A PRESIDENTIAL candidate who has been compared with Hitler looks set to become the new President of the Philippines amid fears the country will again become a dictatorship.

Seven people were killed yesterday as voters went to the polls in what has been the most controversial election since dictator Ferdinand Marcos was toppled in 1986.

The seven were shot by unknown gunmen south of the capital Manila.

Rodrigo “Digong” Duterte has raised the temperature of the election with claims he would “butcher” criminals and a “joke” that as mayor of Davao he should have been first in line in the gang rape of an Australian missionary who was killed during a prison riot.

Duterte, who has been mayor of Davao for over 22 years, later apologised for the “joke”.

Despite declaring he will ignore democratic rules if he believes they are obstructing solutions to the many problems besetting the Philippines, many yesterday turned out to vote for him in the hope that he will reduce the corruption and poverty that blights the country.

Outgoing President Benigno Aquino has warned that if Duterte is elected it could result in a dictatorship.

Aquino compared the rise of “The Punisher” to that of Hitler’s before the Second World War. Duterte retorted that the outgoing president was the “son of a whore”.


POLITICAL commentators have compared Duterte’s success with that of Donald Trump as both men were not initially considered a threat by the establishment.

It is Duterte’s anti-establishment stance that has appealed to voters and may also propel Ferdinand Marcos Jnr into the vice-presidency even though he is the former dictator’s son.

It is because the Philippines were so badly scarred by the Marcos regime that the outgoing president has only had six years in the role.

A rule that only one term could be served by any president was introduced after Marcos was overthrown but it means that Aquino cannot continue the small progress he has made.

There is no doubt he has performed better than his predecessors with foreign direct investment quadrupling, the budget deficit falling and spending increasing on schools, infrastructure and rural development.

However while the middle classes may be feeling a slight benefit, circumstances have not changed for the poor.

The slums in the capital stand testament to the fact that poverty has not been reduced over the last decade despite economic growth of around six per cent.

On top of this there is the conflict on Mindanao where rebels have sworn allegiance to Islamic militant group Daesh. There is also a dispute with China over territory in the South China Sea.

Duterte is adamant that the area belongs to the Philippines and has questioned the US’s commitment to taking his country’s side in the dispute.


DUTERTE wants to end an agreement that allows the US military to perform exercises in the Philippines. He also claims he will end corruption and the illegal drug trade in the Philippines in just half a year.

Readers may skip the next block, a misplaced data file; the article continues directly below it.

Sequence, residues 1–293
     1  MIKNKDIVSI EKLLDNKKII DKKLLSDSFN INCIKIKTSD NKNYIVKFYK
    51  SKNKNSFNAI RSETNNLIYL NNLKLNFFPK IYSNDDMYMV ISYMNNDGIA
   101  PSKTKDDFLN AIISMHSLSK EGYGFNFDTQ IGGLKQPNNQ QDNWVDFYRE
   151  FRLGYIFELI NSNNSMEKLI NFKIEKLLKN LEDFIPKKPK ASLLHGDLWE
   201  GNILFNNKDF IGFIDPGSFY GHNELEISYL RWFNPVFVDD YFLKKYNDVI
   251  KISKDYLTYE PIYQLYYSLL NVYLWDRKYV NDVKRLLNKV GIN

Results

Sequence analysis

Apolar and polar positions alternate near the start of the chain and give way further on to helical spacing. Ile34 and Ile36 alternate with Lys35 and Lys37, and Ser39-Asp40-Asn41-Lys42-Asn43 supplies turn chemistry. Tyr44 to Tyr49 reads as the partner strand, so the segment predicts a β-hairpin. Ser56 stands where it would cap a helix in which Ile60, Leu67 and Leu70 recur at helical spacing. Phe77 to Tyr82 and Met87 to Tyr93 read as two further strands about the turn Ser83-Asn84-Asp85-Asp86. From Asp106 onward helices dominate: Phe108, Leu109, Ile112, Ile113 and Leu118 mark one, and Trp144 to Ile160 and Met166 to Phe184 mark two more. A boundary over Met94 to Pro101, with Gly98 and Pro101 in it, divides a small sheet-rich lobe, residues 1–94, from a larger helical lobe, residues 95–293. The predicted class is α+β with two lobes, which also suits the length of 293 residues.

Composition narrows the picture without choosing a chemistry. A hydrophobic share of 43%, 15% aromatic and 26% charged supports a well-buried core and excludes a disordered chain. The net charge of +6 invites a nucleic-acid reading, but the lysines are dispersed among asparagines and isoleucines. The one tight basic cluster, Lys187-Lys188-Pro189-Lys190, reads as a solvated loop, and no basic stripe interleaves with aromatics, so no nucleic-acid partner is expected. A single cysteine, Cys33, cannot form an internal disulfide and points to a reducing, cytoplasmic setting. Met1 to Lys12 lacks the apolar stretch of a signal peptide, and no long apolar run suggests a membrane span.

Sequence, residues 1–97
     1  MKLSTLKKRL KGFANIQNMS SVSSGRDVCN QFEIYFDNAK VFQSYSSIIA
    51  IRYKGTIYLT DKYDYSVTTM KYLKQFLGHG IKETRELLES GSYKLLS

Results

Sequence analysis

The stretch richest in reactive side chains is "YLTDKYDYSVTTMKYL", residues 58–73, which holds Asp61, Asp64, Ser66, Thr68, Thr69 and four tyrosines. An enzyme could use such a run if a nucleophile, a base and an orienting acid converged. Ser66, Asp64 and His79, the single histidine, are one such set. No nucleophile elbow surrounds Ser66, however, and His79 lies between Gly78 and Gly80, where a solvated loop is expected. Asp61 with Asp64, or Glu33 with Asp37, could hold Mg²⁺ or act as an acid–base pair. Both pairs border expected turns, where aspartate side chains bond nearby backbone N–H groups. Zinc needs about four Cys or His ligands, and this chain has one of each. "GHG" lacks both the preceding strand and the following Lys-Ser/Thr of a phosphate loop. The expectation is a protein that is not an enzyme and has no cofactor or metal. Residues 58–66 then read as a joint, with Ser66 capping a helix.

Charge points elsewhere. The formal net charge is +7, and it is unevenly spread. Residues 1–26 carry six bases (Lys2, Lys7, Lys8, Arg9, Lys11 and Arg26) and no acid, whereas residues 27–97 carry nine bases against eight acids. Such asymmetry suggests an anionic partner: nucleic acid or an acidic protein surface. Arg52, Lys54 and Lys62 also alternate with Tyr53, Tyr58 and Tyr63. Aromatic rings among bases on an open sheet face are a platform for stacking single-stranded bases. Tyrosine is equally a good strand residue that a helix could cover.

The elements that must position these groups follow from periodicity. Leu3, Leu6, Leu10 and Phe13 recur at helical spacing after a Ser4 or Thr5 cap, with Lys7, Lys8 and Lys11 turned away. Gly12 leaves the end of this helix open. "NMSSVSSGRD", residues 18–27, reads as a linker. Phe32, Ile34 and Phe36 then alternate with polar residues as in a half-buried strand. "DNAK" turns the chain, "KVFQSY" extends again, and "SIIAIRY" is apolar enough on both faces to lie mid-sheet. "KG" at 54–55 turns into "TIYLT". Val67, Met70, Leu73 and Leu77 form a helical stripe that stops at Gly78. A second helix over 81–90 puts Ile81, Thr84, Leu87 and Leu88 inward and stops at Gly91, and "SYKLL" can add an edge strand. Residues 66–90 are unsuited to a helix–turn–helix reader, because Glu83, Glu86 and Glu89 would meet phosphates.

However human rights activists say that as mayor he ordered death squads to murder over 1000 alleged criminals.

“Forget the laws on human rights,” he said during the election campaign. “If I make it to the presidential palace, I will do just what I did as mayor. You drug pushers, hold-up men and do-nothings, you better go out. Because … I’d kill you.”

There are over 7000 islands in the Philippines, although most of the 96.5m population live on just 11. The country has to endure frequent earthquakes, typhoons, and eruptions from around 20 active volcanoes.

Named after a 16th century King of Spain, the Philippines were a Spanish colony for over three centuries but at the turn of the 20th century Spain ceded the islands to the US following the Spanish-American War.

Japan occupied the Philippines during World War II but the islands were retaken by the US then granted full independence in 1946.

Marcos was elected as president in 1965 but declared martial law in 1972 then was ousted in a revolt in 1986.


MANY voters have since become frustrated with the political scene which is dominated by a small clique of wealthy families.

“The competition for the presidency has essentially become a battle between ‘status quo’ candidates and ‘sharp turn’ candidates,” said Asia analyst Eufracia Taylor of consultancy Verisk Maplecroft. “The public is split between supporters for a president seen as safe hands or one who will drive drastic, and potentially divisive, change.”

Many believe the only beneficiaries of the recent economic growth have been the oligarchs in the country which is why around one third of voters were expected to vote for Duterte yesterday.

Other candidates included Grace Poe, who was adopted as a child by film stars, and Mar Roxas, whose grandfather was the first president of the Republic and is a former New York investment banker. Human rights lawyer Jejomar Binay, who was jailed during the Marcos regime for defending political prisoners, also stood as did former judge Miriam Defensor-Santiago who is currently a senator but has been dogged by rumours that she is battling ill health after being diagnosed with lung cancer four years ago.